Janice Taylor, Mazu, Safe Social Media

From Our Founder

“The tech industry over the last 10 years has experienced a progressive increase in pervasive data collection tactics. Early on in my entrepreneurial career, I was struck by Facebook’s claim of a “free” online platform, knowing all too well nothing is ever free and that Facebook was not giving this tool out of the goodness of their hearts. In early 2009 I was still living in Saskatchewan and began to notice the rapid uptake of Facebook and similar platforms. Society was increasingly using these platforms for “socialization” and “connection.”  Immediately my thoughts went to my kids, women and vulnerable groups of people. Unlike many of my peers, I was not swept away by the promise of Facebook connecting the world. Disillusioned, I wanted to know how this “free” service would make money and what this system would really look like once we all woke up.

Children now do not remember a time before technology took over. Children as young as 2 years old are handed their first devices, be it an iPhone or iPad without much thought from many of us parents. Most parents are guilty of placating their children with this immediate distraction, particularly in restaurants, airplanes, and long car rides where once conversation and community would take place.

As a parent of two girls, I am also very guilty of using this handheld vehicle for entertainment. Parents are regularly succumbing to our own distraction devices, spending a great deal of time in our own social spaces such as Facebook, Instagram, Youtube, and Twitter. For many, we are now witnessing the real world fall out from all of this “connection”.

When I began my tech career I knew that eventually this system would break and we would have to seek out other viable solutions. Admittedly, I did not know how far and wide this problem would go or that it would polarize our communities so dramatically. My background in psychology allowed me to see fundamentally how systems like Facebook would have detrimental impacts on our mental health. I hoped the future I saw would not come to fruition. I never dreamed that our data, privacy and our rights to our information would be so severely compromised and violated. As adults, many of us know the consequences of these privacy breaches and still make the choice to participate in these platforms.  Unlike adults, our kids do not have the emotional and mental capacity to fully understand the long term consequences of being a part of these ecosystems, therefore, we as knowing adults must come together to protect our children’s future before it is too late!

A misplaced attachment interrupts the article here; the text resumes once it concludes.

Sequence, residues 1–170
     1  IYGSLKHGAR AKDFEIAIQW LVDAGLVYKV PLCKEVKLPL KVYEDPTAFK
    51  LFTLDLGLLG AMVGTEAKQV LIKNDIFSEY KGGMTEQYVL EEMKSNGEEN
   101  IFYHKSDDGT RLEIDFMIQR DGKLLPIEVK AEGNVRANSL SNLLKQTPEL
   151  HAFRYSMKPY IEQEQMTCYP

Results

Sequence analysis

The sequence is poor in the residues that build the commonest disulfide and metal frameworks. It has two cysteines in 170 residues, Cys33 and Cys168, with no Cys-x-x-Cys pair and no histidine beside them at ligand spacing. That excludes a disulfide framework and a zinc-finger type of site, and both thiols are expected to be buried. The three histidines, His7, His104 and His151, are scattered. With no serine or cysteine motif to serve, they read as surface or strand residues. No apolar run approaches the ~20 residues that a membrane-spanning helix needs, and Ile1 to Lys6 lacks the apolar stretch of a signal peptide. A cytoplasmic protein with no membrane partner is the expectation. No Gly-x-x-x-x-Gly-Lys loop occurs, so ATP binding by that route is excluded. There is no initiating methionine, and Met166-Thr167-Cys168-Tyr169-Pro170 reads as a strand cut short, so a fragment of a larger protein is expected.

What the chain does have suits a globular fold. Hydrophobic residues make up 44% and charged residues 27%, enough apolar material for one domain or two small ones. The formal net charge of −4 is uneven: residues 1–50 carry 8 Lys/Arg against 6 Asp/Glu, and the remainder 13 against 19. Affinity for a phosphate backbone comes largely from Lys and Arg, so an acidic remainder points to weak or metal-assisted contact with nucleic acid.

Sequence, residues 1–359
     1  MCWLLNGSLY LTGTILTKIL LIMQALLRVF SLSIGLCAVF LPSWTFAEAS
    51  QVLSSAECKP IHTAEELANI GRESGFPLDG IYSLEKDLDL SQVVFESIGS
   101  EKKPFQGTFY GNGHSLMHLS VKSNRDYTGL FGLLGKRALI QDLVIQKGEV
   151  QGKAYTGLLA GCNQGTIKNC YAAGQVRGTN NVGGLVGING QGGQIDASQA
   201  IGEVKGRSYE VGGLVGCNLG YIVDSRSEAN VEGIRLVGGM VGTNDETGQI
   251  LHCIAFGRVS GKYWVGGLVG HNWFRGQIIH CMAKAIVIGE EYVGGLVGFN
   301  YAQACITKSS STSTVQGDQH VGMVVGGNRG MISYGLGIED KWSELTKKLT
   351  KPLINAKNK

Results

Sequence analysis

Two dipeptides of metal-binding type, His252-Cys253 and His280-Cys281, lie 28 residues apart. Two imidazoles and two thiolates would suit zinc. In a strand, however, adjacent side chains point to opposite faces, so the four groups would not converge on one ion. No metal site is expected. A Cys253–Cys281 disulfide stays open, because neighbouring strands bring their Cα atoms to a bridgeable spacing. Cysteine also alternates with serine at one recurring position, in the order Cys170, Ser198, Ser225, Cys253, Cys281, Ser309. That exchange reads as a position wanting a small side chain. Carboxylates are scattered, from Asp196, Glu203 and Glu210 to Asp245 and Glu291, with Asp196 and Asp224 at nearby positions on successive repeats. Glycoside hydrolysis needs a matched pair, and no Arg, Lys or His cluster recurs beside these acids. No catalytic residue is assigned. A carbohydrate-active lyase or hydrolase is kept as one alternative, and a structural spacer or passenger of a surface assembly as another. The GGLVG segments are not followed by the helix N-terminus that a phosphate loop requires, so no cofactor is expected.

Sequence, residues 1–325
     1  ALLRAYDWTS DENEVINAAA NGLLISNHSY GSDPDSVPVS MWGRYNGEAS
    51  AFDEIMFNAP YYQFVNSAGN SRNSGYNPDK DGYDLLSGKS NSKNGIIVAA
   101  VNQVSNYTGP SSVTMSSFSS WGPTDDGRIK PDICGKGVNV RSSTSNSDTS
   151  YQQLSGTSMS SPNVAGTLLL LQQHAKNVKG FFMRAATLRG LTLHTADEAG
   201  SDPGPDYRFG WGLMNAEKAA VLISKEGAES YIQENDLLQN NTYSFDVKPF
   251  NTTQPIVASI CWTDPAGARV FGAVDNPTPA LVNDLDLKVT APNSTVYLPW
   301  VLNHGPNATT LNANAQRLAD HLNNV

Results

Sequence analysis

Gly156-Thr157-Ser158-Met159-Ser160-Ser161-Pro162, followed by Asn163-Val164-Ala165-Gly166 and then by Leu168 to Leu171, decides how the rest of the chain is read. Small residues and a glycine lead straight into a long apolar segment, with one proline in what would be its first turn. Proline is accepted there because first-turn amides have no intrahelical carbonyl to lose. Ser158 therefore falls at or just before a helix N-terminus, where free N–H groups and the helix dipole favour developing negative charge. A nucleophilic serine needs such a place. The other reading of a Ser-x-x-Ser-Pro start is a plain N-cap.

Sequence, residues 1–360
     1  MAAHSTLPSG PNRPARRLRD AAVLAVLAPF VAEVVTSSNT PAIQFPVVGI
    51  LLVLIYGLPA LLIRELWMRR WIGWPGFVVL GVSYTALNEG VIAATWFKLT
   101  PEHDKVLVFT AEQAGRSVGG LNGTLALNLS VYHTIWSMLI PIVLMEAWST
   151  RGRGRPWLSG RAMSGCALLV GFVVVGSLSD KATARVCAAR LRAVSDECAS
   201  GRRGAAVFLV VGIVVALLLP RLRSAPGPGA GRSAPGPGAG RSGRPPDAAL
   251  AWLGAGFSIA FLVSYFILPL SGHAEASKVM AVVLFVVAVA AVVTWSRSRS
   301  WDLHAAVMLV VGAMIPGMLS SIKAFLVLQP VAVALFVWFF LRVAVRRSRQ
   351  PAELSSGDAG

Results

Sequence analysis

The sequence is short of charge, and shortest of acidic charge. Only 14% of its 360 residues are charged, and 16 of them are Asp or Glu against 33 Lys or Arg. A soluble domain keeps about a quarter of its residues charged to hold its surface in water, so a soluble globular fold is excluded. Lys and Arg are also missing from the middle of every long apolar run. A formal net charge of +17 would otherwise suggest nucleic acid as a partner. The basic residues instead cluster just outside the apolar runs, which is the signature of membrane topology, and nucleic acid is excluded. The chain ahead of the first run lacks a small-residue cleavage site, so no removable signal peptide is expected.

In Canada, our legislation around online child safety, privacy, and data collection are very weak. This needs to change. It is one thing to use the data of a comprehending adult, it is another to use the data of a child. To effect position-momentum, I, together with my team, has issued a petition to motivate change in the House of Commons.  Please consider signing our petition here and inspire change in Canadian legislation.”

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